Aaron: The cornbread dressing is a must on my Thanksgiving table. The version my family usually cooks includes celery, onions, peppers, chicken and / or turkey broth, sometimes a few pieces of turkey meat mixed in and a handful of spices and herbs. This is a vegetarian version of this standard version. Use your choice of mushrooms to add earthy meat to the dressing, while leeks add a subtle onion flavor. Tarragon and garlic are included in this mix as a nod to the compound butter used with turkey. For an easier vacation, bake the cornbread one day, assemble the dressing the next, then put it in the oven just before serving and bake until golden on top.

Focaccia without kneading with sausage, apple and shallots

Becky: Stuffing and dressing is often mostly bread anyway, so I wondered if I could channel these flavors into real bread. Answer: Yes. Best of all, this no-knead focaccia is based on a pre-made dough that will last up to two weeks in the fridge. It uses the dough and concept of our popular Fast Focaccia from Zoe Francois and Jeff Hertzberg’s “Artisan Bread in Five Minutes a Day” team, but instead of round buns, you get the value of a whole plate. In keeping with the stuffing / dressing theme, I incorporated signature elements into the dough. (The beauty of this recipe is that you can use just about any filling.) The end result is an eye-catching focaccia that’s thick, chewy, and big enough to serve a crowd and have plenty of extras for leftover sandwiches. beloved. Of course, it’s great for absorbing the braising liquid from my turkey and can be cooked along with my broccolini below, if you like.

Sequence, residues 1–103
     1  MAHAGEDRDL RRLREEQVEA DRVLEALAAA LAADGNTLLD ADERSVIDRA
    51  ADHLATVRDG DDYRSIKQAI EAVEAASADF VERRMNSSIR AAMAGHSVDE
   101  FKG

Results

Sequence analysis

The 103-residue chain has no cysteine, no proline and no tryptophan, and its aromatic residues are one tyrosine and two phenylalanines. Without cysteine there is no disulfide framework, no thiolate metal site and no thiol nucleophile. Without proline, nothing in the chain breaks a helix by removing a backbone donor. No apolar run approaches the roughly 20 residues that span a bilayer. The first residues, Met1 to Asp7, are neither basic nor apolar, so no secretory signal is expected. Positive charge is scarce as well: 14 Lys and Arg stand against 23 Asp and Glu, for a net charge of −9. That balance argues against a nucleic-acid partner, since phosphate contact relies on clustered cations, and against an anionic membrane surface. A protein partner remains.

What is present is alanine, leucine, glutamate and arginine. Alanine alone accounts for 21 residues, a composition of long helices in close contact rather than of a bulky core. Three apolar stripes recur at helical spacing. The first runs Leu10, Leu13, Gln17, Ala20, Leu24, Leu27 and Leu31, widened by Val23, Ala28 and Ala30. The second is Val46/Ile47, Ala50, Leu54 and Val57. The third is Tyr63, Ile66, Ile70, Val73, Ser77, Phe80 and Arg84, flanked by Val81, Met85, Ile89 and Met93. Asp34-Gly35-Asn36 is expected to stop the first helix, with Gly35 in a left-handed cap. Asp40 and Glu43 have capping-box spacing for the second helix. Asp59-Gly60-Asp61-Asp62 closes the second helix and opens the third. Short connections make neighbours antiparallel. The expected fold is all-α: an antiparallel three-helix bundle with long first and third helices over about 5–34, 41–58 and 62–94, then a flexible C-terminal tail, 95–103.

Vegan braised green cabbage leaves with miso and smoked paprika

Aaron: Braised collard greens are a staple in black kitchens and are usually seasoned with pieces of smoked pork or turkey to imbue greens and the potlikker with tons of flavor. Reflecting on my own evolving awareness regarding meat consumption, I wanted to make a vegan version with a similar flavor profile. Enter these braised cabbage greens. Miso, the most popular fermented seasoning in Japanese cuisine, provides umami that would otherwise have come from meat. There are countless varieties of miso, and all of them can be used in this recipe, but I generally prefer a darker, tastier red miso. The smoked paprika gives a smoky side reminiscent of the version of the dish I grew up eating.